Is your restaurant ready?
By Peter Teska, global infection prevention application expert, Diversey
In many countries, restaurants were among the first to feel the impact of the novel coronavirus pandemic. Bookings disappeared almost overnight, followed by long imposed periods of closure and staff inactivity. The onset of coronavirus hasn't diminished the hard work you have put into your business, but the subsequent rapid change of circumstances and focus mean that you are in effect at ground zero. Putting effective cleaning procedures in place is crucial to reaffirming your reputation when reopening, and for your future success.
New expectations around cleanliness
There are few sectors prior to the pandemic in which hygiene has been of such a high priority. Thankfully, the foodservice industry is well-versed in the necessity for cleanliness in both front-of-house (FOH) and back-of-house (BOH) areas. Yet diners' sensitivity to hygiene standards was previously based primarily on appearance. The presence of coronavirus requires you to conform to unparalleled and explicit new levels of cleanliness. With this heightened expectation of hygiene, both diners and staff will want to know – and to confirm with their own eyes – what you are doing to ensure health and safety.
Before you focus on enhanced cleaning, create a clear plan based on a feasible reopening date. Having gone through a disruptive period of high uncertainty – and with much uncertainty still to come – this enables you to assess risks and measure daily progress. It also helps to raise team spirit by creating a mutual goal among staff and allows everyone to work backwards from the intended opening date to determine how quickly other tasks need to be completed.
Aim to have everything completed to your satisfaction by this date, but shift it if necessary as you progress. In the new normal of hyper-vigilance, first impressions are critical as you seek to rebuild previous levels of customer confidence. Anything less than best public health practice creates another obstacle to survival when you already face many more.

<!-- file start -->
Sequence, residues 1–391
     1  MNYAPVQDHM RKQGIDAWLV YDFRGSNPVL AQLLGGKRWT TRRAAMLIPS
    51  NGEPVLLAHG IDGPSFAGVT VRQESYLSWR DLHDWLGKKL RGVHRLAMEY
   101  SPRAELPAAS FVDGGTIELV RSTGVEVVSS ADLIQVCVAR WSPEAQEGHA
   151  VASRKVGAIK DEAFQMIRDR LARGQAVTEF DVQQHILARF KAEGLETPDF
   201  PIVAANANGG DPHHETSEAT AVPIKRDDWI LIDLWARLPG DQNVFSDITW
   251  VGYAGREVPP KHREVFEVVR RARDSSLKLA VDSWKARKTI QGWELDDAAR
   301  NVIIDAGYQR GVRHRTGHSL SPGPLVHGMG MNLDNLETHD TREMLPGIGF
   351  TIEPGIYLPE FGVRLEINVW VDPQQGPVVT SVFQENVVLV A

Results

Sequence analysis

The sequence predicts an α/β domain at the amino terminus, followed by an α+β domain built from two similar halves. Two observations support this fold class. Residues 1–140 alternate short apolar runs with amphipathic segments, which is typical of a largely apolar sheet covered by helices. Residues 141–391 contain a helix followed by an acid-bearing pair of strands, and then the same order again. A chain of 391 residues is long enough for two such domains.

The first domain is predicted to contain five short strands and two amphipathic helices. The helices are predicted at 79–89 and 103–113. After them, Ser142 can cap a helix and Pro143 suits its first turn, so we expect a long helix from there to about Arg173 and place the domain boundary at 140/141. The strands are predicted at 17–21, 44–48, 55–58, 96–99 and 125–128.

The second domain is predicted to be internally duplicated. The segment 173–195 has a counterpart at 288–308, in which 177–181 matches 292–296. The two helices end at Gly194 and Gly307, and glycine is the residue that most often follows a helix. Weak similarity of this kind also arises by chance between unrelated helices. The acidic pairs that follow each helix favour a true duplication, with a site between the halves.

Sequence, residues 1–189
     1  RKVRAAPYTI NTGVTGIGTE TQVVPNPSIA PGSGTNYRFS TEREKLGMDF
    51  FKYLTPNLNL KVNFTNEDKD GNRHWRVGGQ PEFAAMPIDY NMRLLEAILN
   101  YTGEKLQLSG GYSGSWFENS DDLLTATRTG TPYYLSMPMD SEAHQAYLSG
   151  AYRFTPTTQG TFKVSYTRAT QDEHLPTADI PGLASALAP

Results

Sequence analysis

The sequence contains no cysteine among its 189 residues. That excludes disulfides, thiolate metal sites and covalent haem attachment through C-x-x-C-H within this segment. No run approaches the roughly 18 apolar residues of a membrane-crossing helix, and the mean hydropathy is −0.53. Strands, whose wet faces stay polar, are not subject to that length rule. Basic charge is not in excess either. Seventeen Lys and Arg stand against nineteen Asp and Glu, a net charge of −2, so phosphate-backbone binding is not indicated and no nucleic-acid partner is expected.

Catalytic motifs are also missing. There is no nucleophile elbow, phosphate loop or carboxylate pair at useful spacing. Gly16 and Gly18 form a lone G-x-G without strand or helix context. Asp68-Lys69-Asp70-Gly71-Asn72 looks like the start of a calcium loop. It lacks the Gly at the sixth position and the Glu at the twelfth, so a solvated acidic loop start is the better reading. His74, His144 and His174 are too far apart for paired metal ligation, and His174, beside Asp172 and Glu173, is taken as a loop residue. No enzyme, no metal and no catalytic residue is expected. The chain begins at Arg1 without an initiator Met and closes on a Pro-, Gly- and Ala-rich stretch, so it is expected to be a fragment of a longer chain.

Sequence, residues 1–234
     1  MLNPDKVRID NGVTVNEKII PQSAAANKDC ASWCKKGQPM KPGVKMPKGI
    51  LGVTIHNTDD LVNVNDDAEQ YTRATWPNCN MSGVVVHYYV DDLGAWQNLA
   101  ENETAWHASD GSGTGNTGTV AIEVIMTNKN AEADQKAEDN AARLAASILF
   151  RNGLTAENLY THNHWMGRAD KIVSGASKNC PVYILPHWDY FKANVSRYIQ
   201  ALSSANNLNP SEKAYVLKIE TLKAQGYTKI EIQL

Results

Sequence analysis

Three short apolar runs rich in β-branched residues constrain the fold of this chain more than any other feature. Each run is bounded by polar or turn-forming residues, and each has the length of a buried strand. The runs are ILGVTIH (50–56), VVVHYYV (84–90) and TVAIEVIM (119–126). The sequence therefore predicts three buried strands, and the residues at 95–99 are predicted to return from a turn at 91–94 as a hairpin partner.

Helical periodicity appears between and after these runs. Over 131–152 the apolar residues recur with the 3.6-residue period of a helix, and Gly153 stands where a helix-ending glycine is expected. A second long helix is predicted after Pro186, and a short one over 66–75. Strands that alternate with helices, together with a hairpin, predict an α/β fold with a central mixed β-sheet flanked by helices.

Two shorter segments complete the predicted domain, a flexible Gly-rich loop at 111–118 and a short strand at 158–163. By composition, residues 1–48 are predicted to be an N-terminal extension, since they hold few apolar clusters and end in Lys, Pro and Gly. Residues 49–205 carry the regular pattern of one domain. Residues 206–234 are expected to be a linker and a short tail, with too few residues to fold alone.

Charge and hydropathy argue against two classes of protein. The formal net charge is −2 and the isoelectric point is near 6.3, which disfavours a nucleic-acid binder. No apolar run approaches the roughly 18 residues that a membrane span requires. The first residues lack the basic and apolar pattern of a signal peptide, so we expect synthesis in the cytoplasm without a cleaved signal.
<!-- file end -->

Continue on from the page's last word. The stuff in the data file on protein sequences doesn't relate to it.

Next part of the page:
Best practices for your business
Ready your restaurant for reopening by implementing the following strategies:
Implement social distancing Understanding the requirements of social distancing laid down by governments and health authorities is essential. Social distancing defines the constraints for everyone in your restaurant. With strict limits on the number of diners, evaluating the layout of your restaurant and clearly defining entrance and exit routes is essential for safe movement. Instruct staff in procedures. Emphasise that social distancing applies everywhere and will change only with new guidance from applicable authorities.
Require face coverings Because maintaining social distancing from other staff and diners will not be possible continuously, face coverings (ie masks) will be required for staff. Instruct staff in how to use masks and when to change them.
Use training and communication to your advantage Training on all new public health practices is important, especially for employees whose duties have not involved cleaning before. Develop cleaning kits that combine essential products ensuring ease of use, prevention and best practice. Then, clearly outline to staff and customers the measures you are taking to protect them, and that you are using recommended and safe products. Establish an emergency protocol, as the pervasiveness of coronavirus means that workers may test positive.